At the request of Indonesia and Sri Lanka , the Netherlands will be returning 478 objects of cultural significance to Indonesia and 6 to Sri Lanka. The objects were wrongfully brought to the Netherlands during the colonial period, acquired under duress or by looting.
This is a press release from the Ministry of Education, Culture & Science.
The decision to return them was made by Secretary of State for Culture and Media Gunay Uslu, following the recommendations of the Advisory Committee on the Return of Cultural Objects from Colonial Context, chaired by Lilian Gonçalves-Ho Kang You. The works are currently in the collections of the National Museum of World Cultures and the Rijksmuseum.
The objects include the Lombok treasure (from Indonesia) and the Canon of Kandy (from Sri Lanka). The transfer of ownership to Indonesia will take place at the National Museum of Ethnology in Leiden on 10 July. The transfer of ownership to Sri Lanka will take place later this year. As these examples show, the process of returning objects is well under way. The Advisory Committee on the Return of Cultural Objects from Colonial Context is now considering further requests from Indonesia, Sri Lanka and Nigeria and will issue its recommendations on these requests later. Joint research with the countries of origin is a central part of the process.
‘This is a historic moment,’ said the state secretary. ‘It’s the first time we’re following recommendations of the Committee to give back objects that should never have been brought to the Netherlands. But more than anything, it’s a moment to look to the future. We’re not only returning objects; we’re also embarking on a period of closer cooperation with Indonesia and Sri Lanka in areas like collection research, presentation and exchanges between museums.’
Last summer Indonesia requested the return of a number of objects that are of great importance to the country. The history of the objects was studied in detail by the National Museum of World Cultures, in consultation with Indonesian experts. The process has been in good cooperation with the Indonesian repatriation committee, which is chaired by former ambassador of Indonesia to the Netherlands I Gusti Agung Wesaka Puja. On the basis of the research, the Committee recommended that the objects be returned. This result was achieved thanks to close cooperation between Indonesia and the Netherlands and the expert committees in both countries.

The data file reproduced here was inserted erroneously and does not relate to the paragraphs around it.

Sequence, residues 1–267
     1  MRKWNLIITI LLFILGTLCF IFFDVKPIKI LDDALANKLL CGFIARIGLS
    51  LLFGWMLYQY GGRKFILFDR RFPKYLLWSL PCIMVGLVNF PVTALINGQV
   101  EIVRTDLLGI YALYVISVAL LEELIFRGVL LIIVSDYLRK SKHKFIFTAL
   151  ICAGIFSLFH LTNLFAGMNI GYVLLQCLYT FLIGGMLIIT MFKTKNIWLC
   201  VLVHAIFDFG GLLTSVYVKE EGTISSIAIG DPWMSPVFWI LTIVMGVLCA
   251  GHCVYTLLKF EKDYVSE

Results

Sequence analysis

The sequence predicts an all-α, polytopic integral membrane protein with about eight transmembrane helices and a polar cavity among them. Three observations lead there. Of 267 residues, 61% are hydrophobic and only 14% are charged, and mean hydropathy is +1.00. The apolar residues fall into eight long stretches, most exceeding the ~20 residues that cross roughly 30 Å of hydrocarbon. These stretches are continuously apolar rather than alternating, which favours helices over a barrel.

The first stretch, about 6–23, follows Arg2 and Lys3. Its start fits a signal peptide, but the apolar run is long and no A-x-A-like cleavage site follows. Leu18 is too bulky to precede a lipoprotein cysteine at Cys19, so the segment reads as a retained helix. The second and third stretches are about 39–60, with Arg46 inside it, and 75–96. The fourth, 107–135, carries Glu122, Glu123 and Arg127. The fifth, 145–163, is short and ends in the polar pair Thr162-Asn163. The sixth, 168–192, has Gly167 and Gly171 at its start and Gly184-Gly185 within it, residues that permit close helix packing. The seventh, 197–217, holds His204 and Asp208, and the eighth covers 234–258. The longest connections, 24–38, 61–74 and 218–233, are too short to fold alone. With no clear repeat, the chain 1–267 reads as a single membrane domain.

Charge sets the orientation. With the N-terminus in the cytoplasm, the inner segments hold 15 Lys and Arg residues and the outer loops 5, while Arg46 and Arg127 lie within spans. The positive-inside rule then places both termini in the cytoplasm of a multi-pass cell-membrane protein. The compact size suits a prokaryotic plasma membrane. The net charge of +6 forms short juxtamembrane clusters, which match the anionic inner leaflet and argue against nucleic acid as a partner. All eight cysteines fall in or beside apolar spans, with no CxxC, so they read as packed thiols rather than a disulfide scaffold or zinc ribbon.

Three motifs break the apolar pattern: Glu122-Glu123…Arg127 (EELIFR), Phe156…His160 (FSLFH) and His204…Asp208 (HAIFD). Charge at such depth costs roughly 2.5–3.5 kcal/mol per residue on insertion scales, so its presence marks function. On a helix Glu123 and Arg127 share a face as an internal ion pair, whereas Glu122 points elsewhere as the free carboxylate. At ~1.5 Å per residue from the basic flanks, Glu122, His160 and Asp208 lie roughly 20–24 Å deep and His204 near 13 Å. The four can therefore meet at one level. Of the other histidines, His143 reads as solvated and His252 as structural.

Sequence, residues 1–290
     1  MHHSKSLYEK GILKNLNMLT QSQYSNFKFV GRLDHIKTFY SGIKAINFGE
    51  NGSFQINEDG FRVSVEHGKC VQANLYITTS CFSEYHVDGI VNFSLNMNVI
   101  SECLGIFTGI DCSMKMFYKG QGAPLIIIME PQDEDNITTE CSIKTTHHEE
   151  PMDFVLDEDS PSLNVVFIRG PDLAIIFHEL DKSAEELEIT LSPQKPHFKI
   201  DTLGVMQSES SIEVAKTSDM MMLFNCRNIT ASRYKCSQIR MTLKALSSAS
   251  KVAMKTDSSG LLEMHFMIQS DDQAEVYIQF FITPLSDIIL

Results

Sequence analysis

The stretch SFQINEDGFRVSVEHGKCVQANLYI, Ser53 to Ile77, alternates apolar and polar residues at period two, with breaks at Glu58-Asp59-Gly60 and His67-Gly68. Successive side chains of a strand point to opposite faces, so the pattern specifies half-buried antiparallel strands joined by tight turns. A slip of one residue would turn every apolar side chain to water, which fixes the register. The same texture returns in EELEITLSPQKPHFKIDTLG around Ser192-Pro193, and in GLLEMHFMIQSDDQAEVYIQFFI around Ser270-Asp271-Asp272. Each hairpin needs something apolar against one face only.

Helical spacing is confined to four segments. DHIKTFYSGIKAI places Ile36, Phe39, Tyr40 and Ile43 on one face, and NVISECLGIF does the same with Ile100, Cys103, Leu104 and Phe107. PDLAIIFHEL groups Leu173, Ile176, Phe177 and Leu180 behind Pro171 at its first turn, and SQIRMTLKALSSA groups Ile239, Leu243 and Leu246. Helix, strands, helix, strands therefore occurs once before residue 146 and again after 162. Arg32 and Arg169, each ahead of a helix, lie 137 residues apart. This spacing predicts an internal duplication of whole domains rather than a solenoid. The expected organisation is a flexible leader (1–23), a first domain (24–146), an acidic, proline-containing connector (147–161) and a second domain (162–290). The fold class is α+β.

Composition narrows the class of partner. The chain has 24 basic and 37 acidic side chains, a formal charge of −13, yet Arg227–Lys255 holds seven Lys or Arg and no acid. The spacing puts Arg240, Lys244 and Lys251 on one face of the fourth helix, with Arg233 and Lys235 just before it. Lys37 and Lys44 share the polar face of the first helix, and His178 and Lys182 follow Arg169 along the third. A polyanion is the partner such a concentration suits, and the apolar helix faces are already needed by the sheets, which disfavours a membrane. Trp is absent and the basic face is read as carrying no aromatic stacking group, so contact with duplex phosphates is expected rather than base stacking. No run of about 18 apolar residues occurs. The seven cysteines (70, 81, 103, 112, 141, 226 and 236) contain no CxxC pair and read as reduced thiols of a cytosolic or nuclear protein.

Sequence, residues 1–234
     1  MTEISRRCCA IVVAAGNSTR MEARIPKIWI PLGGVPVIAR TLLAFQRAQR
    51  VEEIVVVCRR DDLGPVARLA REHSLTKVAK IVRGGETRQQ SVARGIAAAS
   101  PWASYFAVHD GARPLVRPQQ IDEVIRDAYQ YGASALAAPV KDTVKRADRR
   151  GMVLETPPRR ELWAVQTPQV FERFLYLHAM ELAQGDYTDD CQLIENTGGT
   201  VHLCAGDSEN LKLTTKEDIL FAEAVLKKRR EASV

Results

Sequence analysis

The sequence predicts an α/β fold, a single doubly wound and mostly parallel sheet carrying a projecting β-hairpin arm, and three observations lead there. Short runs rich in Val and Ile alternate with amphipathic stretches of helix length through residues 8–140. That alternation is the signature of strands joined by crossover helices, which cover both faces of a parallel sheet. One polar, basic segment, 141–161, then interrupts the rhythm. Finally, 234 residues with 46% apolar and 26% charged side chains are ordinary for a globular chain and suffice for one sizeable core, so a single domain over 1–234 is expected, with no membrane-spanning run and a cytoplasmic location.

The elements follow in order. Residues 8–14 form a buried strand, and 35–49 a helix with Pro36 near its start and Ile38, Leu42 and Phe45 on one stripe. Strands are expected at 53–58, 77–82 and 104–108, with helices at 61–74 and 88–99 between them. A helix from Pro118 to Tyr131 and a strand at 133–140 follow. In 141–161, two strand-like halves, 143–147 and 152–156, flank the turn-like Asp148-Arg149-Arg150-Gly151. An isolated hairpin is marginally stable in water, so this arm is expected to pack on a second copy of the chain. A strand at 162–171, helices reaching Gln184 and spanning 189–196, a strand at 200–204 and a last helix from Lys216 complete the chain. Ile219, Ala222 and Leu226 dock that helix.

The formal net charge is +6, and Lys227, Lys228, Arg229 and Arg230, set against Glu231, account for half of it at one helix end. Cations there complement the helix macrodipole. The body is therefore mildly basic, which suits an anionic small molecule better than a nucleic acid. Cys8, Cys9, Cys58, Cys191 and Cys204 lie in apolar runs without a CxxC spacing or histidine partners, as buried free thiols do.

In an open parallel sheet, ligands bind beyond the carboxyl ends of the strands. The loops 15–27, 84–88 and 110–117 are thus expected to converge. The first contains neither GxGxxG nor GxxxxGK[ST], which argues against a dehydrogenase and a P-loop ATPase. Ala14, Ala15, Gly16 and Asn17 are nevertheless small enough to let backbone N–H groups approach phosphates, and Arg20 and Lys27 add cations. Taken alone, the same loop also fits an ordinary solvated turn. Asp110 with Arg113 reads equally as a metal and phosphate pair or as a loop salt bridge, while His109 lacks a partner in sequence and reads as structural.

Sri Lanka asked the Netherlands to return six objects that were stolen from the country and are now in the custody of the Rijksmuseum. Researchers from both countries studied the provenance of these objects extensively. In this case, too, the return process forms the basis for further cooperation between the two countries and the cultural institutions concerned. The Netherlands and Sri Lanka will remain in dialogue in order to develop this cooperation further.
Note for the press
Jules van de Ven, spokesman state secretary Uslu: + 31 6 50 19 26 73
More information about the Advisory Committee on the Return of Cultural Objects from Colonial Context:
Chantal Tjin: + 31 6 25 25 75 25
Limited places are available for the official transfer ceremony at Museum Volkenkunde Leiden on 10 July, 10 am. You can register via an email to firstname.lastname@example.org. We regret that we may not be able to honour all requests to attend.
- The ‘Lombok treasure’, consisting of 335 objects from Lombok
- Four statues from Singasari
- A keris from Klungkung
- 132 objects of modern art from Bali, known as the Pita Maha collection
- Lewke’s canon
- Gold kastane (ceremonial sword)
- Singalese knive
- Silver kastane
- Two guns